In the tough-act-to-follow pool, Dave Rollins dove into the deep end this past September when he became FGCU’s new head coach for women’s swimming and diving.
Rollins’ predecessor – the program’s founding coach, Neal Studd, who left in July to take over Florida State’s men’s and women’s swim teams — had raised the bar to the figurative equivalent of a 10-meter diving platform by winning seven Coastal Collegiate Swimming Association championships in eight years and six CCSA Coach of the Year awards, guiding the Eagles to as high as a No. 19 national ranking and qualifying several swimmers for the NCAA championships and Olympics.
But Rollins, who knows all about swimming in the sport’s fast lane as an accomplished competitor and coach himself, quickly created his own splash.
In February, he made the transition from Studd’s coaching style to his own as smoothly as switching legs during a relay by leading the Eagles to an eighth CCSA title in Athens, Ga., and bringing home his own Coach of the Year award — the initial steps in putting his own imprint on FGCU swimming and diving while continuing to build on its success.
“I’m trying to see what I can do to improve our program, not just get our athletes to swim faster,” Rollins said. “I want to do things away from the pool to help our athletes develop on a personal level, to set them up for careers and a life after swimming.
“Athletic success is just one factor in coaching and recruiting,” he said. “I try to go a bit deeper, learn about students’ families, what makes them tick, what they are really passionate about. If you can make that connection, that develops a sense of trust. I want to build relationships that don’t last just four years, but 30 or 40.”
Rollins comes to FGCU after being associate head coach of an Ohio State team that’s a perennial Big Ten power, and previous assistant coaching jobs with big-time programs at Northern Arizona and his alma mater, the University of Arizona. The native of Brockton, Mass., also led championship swim clubs in Ohio and Arizona.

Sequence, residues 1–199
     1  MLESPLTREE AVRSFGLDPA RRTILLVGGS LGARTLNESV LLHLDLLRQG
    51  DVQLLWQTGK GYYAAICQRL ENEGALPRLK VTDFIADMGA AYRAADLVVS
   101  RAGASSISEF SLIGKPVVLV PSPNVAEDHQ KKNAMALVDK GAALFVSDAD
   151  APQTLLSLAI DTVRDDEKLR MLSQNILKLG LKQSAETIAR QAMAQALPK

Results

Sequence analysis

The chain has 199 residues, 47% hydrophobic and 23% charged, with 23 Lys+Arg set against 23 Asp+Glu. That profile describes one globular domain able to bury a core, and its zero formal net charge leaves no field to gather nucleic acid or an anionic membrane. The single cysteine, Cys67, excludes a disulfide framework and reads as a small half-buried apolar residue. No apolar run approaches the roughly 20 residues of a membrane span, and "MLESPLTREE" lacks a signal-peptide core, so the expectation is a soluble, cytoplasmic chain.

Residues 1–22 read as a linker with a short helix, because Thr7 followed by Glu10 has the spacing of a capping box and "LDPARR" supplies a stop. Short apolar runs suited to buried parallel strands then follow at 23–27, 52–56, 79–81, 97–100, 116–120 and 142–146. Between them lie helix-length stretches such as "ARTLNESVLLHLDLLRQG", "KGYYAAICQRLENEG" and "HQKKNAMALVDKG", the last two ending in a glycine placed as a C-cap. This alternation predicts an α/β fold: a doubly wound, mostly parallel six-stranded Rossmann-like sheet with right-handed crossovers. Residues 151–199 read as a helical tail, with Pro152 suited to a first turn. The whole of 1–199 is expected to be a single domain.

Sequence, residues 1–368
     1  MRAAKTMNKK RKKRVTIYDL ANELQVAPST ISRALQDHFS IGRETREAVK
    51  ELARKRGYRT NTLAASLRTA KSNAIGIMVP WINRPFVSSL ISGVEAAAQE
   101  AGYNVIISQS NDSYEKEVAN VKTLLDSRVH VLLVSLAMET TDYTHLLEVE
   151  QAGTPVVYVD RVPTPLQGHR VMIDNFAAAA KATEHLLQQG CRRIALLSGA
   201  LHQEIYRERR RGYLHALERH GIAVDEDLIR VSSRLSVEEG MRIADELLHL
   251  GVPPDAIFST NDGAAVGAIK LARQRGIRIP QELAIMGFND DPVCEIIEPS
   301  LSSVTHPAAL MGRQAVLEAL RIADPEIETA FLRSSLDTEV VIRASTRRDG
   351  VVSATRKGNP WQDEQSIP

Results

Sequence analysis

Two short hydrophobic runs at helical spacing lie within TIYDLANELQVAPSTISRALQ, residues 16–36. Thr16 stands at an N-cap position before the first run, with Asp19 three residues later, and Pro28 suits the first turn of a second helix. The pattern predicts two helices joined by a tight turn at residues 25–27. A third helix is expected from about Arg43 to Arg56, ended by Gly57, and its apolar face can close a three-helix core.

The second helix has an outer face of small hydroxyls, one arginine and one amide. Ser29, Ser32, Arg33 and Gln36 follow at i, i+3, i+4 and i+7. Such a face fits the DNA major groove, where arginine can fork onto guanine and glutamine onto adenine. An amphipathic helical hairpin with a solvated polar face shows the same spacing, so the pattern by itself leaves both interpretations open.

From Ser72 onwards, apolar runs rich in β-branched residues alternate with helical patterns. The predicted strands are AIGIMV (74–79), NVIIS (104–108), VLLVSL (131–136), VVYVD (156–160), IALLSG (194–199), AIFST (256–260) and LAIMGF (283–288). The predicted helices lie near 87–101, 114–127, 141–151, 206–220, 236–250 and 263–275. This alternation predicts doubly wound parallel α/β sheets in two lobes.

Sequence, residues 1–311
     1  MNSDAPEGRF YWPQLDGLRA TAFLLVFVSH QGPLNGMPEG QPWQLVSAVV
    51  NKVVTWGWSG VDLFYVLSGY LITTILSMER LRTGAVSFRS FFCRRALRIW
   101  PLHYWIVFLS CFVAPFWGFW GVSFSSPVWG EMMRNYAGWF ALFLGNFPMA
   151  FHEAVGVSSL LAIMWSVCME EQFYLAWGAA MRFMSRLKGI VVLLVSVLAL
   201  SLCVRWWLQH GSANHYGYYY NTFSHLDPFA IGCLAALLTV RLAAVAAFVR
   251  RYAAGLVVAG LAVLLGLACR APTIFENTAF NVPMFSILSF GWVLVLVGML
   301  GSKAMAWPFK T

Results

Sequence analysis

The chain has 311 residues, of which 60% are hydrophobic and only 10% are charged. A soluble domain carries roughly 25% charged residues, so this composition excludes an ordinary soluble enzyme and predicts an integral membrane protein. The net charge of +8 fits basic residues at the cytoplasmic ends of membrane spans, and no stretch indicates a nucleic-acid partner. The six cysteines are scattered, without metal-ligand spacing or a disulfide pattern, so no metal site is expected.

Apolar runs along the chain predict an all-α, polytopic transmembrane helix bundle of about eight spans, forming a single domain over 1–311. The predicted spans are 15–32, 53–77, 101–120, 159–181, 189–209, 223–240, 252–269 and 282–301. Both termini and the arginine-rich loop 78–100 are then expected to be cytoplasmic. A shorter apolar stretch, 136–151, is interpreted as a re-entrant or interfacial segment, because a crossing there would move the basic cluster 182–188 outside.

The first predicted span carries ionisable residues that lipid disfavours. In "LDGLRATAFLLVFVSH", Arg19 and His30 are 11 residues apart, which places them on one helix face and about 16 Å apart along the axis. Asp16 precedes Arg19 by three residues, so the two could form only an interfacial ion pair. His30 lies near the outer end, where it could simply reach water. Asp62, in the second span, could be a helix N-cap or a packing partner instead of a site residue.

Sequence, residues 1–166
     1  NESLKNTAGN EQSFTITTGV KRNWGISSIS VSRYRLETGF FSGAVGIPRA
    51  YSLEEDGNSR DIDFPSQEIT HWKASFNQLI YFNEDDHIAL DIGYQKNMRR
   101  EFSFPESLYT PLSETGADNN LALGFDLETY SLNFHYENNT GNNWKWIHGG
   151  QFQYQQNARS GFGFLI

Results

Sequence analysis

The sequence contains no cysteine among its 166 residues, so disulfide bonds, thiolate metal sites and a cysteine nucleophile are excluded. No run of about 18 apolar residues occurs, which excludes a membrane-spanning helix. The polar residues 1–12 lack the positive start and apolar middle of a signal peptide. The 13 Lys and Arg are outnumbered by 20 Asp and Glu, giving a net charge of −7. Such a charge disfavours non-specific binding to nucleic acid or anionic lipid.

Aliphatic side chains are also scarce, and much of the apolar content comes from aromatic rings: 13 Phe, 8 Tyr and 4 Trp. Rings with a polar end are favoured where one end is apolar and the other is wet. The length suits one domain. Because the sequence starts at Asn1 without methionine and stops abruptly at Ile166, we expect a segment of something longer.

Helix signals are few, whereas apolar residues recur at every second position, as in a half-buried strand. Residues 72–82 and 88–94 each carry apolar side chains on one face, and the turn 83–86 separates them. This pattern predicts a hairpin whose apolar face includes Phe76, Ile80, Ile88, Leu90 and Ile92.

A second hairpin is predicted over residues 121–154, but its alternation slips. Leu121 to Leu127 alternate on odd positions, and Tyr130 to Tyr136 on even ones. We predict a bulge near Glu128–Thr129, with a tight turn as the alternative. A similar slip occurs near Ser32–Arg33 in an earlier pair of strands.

As a competitor, before graduating from Arizona in 2007 with a degree in interdisciplinary studies, Rollins was captain of the Wildcats, swam for a national championship team, was a nine-time All-American, set four school records, and for six years owned the U.S. record for fastest breaststroke leg in the 200 medley relay.
One of Rollins’ mentors is his former coach, Frank Busch, national team director of USA Swimming, a coaching hall of famer and former head coach at Arizona and the University of Cincinnati. Busch applauds Rollins’ hiring by FGCU.
“You see people as athletes and know the ones who really study the sport,” said Busch, who recruited Rollins out of high school. “You can see it in their eyes that coaching interests them, and I could see that with Dave. I could tell his path and passion were all about coaching. He’s ready to be a head coach at a major program. I’m sure his expectations are higher than ever.”
While talking one recent morning in the reception area outside his office in the Outdoor Sports Complex at FGCU, Rollins was engaged in a different sort of sport — babysitting his 4-year-old daughter, Alice, who was in perpetual motion and coloring up a storm while her mom, Caroline, was out and about with younger brother Elliot.
The tall, fair-skinned Rollins is in great shape. It’s obvious he still maintains the daily training habits of a competitive athlete, and even his favorite food, pizza, is his own concoction as he adheres to a vegan diet. But even he’s having a tough time keeping up with little Alice this day. And it’s in that loving, playful interaction between father and daughter where one sees — regardless of the success he’s enjoyed in and around the pool — that the title carrying the most meaning for Rollins these days is that of dad. That’s one of the reasons he finds FGCU the perfect fit for this stage of his career.
“The main goal I have is to provide for my family, make sure they’re happy,” Rollins said while watching his daughter whip out yet another Crayola masterpiece. “The atmosphere around here is perfect … I can bring my kids to practice, she can be on the deck during meets, she’s in the team photo. Having that family atmosphere is something that’s really important for us.”